Friday, 29 February 2008

Sunset at the end of Summer - Sky Watch Friday

Sunset at the End of Summer
Sky Watch Friday
Sunset in an Australian backyard at the end of Summer

Today is the last day of Summer here in Australia. This sunset is saying "Goodbye" to the Summer, and welcoming the start of Autumn. We've had a very cold Summer this year - only three days got above 30 degrees Celsius - so I'm curious to see what Autumn and Winter turn out to be! Here's wishing you all a great start to the new season, whether you're in Australia entering Autumn, or in America entering Spring.

Update: Apparently the U.S. doesn't enter Spring until the 21st. This'll be an early welcome for some of you!

This photo taken with the Kodak C330 digital camera.

Tuesday, 26 February 2008

Sea Shell on the Beach Sand

Sea shell in sand
beach sea shell in sand - sea shore - she sells sea shells by the sea shore
Shell in Sand at the Beach

I was browsing through some of my old photos the other day, and found this beautiful shot of a Sea Shell. I took this at Moonee Beach, near Coffs Harbour, NSW some years ago. This photo really reminds me of the "early morning at the beach" experience, with the seaweed and waves just visible in the background. I can almost feel the gentle grit of the cool sand underfoot (or actually under-nose, as I was lying down on the sand when I took this photo!)

Do you have any memories of the beach that you would like to share? Post a comment with your memories of your favourite beach holiday.

Original Post: She Sells Sea Shells.... [Sea Shell in the Sand at the Beach]

Friday, 22 February 2008

Dramatic Sunset in Australian Bush - Sky Watch Friday

Dramatic Sunset in the Australian Bush (Outback)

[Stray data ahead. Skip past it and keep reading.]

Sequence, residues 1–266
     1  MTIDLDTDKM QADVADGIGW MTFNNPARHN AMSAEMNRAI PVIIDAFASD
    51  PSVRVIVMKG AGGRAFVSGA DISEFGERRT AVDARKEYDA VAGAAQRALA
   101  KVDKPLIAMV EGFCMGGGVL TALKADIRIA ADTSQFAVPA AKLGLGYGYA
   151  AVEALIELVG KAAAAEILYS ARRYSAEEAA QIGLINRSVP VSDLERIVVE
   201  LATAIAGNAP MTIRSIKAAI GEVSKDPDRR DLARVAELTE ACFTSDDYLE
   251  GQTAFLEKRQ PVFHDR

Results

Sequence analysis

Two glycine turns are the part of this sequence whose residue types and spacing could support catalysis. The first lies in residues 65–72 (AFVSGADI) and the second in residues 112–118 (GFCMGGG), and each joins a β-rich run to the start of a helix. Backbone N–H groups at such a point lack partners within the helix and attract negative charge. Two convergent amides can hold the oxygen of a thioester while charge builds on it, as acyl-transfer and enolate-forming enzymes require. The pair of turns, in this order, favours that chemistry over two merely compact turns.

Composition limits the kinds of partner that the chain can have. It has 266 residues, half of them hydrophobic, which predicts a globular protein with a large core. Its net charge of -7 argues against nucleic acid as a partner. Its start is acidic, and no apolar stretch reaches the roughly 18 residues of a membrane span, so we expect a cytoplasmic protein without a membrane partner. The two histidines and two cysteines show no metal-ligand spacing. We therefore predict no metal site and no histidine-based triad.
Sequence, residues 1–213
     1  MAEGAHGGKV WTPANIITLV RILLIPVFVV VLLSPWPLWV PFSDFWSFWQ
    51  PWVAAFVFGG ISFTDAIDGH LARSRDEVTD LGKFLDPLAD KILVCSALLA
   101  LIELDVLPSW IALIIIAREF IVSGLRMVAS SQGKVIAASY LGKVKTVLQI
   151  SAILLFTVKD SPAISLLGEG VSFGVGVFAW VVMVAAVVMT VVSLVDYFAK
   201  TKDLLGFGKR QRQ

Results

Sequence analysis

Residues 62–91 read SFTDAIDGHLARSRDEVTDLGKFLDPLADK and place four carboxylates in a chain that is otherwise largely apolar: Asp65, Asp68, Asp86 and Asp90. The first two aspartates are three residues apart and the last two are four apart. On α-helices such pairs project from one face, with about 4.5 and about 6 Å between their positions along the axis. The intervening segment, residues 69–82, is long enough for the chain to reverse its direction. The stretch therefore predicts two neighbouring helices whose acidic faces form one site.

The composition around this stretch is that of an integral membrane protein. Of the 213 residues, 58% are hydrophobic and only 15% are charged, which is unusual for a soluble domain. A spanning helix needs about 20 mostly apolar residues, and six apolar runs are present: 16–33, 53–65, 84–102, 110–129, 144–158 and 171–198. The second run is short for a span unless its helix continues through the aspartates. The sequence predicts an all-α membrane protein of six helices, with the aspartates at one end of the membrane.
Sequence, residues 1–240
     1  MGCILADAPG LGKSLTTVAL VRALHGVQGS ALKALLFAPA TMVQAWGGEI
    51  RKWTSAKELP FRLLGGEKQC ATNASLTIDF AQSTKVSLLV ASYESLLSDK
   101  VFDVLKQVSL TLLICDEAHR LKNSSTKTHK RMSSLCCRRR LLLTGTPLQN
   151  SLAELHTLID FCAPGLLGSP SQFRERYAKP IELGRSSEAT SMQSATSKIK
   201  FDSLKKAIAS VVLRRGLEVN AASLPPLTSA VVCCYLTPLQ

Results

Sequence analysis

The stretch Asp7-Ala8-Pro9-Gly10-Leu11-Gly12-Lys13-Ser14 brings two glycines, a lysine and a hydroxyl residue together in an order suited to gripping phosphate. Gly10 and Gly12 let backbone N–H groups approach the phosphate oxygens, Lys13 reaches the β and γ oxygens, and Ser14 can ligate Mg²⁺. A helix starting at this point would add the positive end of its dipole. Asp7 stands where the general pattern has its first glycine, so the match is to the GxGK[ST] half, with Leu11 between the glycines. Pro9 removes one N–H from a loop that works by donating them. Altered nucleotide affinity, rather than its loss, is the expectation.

Sky Watch Friday
Dramatic Sunset with Illuminated Irregular Coloured clouds against the Skyline (Horizon)
You probably haven't noticed, but there's something different about today's Sky Watch Friday Sunset. This post has been published automatically by blogger. Last week blogger got a new feature enabling you to schedule posts to be published automatically at a later date, and so I am taking advantage of this new functionality today. This Friday, I haven't actually got on the computer at all. I prepared the sunset photo and post on Thursday, and it has been automatically published for you today. Now, I know this is old stuff for you Wordpress users, but for anyone using Blogger, this is a very handy new tool. Has anyone else used it yet?

This sunset is very "dramatic" - the multi-layered clouds and irregular tint give the photo a tense composition. I took this photo at the same time as this other sunset, but you wouldn't be able to tell just by looking at the photos. In one minute, which is the time difference between the two photos, the clouds changed position completely. That's one of the great aspects of a sunset - you'll never get bored watching one!

This photo taken with the Fujifilm S9600 digital camera.

Monday, 18 February 2008

E for Excellent Blog Award

e for excellent blogger award - this blog is rated e for excellentAngie from just awarded me the "E for Excellent" blog award. This is a new award to me, and I am very honoured to receive it. Angie, although humbly classifying herself as an amateur, posts some really excellent photos over on her blog, and I suggest that you check it out whenever you have time. Thanks, Angie!

Update: I am passing on this award to Anna, from My Only Photo. Anna maintains a top quality photo blog with lot's of great nature photos.

Friday, 15 February 2008

Brilliant Red Sunrise - Sky Watch Friday

Brilliant Red Sunrise - Sky Watch Friday
brilliant red sunrise with trees - australian gum trees in the foreground, layers of bright red and pink to blue clouds in the background